The Cango Caves is a cultural and natural landmark in South Africa. The 20 million year-old Cango Caves system consists of a series of hidden chambers cut deep into a thick limestone rock layer. It is situated in the Swartberg Mountains, 30 kilometres north of Oudtshoorn, in South Africa’s Western Cape Province.  A world class showcase balancing betwen preservation and presentation.  To manage the Cango Caves as a national asset for the inhabitants of South Africa and its future generations AND to proudly present the Caves as a true South African landmark to our foreign visitors. Frequently described as one of the great Natural Wonders of The World.


The biggest show cave system in Africa.   |   Inhabited since the Early Stone Age.  |   It is South Africa’s oldest tourist attraction. The formations are unique: they would not have normally formed in this area and are a result of faulting.







The Cango Caves became a popular attraction during the 1800s. Many visitors broke off stalagmites and stalactites and wrote their names on the walls. In response, the then governor of the Cape, Lord Charles Somerset, published the first Caves Regulation in 1820. It was designed to protect an environmental resource and banned the collection of souvenirs. Entrance to the caves cost the equivalent of six dollars, the modern equivalent of about R500. Many of the significant discoveries of the caves were made by the first full-time guide, Johnnie van Wassenaar, who opened many of the side chambers and introduced thousands of people to Cango 1, which remains the only part of the caves open to the public. 

Due to a recent increase in visitors,  it is ESSENTIAL to book either tour in advance 
Please note that every tour carries a (scientific) restriction in terms of visitors and by booking, you are not only making it comfortable for yourself, but also aiding us directly with our conservation effort of this non-renewable resource.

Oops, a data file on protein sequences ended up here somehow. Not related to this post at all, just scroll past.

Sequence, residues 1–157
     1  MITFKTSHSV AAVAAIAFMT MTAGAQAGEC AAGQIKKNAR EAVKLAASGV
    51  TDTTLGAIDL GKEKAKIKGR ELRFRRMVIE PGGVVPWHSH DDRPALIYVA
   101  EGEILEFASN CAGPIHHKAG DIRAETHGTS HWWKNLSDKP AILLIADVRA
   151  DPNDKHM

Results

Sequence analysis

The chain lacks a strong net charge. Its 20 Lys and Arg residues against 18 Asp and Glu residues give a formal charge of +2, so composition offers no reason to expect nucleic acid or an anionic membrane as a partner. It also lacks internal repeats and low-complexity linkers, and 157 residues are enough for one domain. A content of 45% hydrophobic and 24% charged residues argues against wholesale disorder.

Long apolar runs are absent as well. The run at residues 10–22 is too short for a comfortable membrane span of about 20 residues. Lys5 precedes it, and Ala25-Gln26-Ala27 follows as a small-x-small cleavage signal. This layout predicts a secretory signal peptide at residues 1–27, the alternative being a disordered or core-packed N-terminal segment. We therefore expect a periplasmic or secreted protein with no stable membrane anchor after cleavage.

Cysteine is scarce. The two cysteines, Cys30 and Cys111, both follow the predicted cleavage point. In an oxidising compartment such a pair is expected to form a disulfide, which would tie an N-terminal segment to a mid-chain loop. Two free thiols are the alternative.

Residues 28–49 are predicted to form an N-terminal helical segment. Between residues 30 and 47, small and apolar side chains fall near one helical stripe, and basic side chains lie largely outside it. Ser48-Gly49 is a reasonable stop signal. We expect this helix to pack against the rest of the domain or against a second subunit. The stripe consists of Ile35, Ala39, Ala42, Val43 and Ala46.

Duration: 60 minutes  |  Departure: Every hour from 09:00 to 16:00  |  Route: Van Zyl & Botha Halls   |  Fitness Level: Easy  |  Restrictions: None


Duration: 90 minutes  | Departure: Every hour on the half-hour from 09:30 to 15:30  |  Route: Entire Cango  |  Fitness Level: Moderate |  Restrictions: Not suitable for those suffering from claustrophobia or back ailments. All tours are lead by experienced, knowledgeable and accredited Cave Guides. Tours are offered in English but Afrikaans, German, French and other language guides may be available (please check guide availability when making reservations).  In the 19th centuryentrance to the Caves cost 5 rix dollars the modern equivalent of about R500.00 but that even did not deter them and many carted away parts of the delicate stalactites and stalagmites for souvenirs or engraved their names onto the walls. In response, the governor of the Cape Colony, Lord Charles Somerset, published the first Caves Regulation in 1820. The 1st law designed to protect an environmental resource in South Africa; it banned the collection of souvenirs, proved for fines for anyone caught damaging Caves formations and prescribed an entrance fee which had to be paid to the District Officer who was made responsible for enforcing the rules.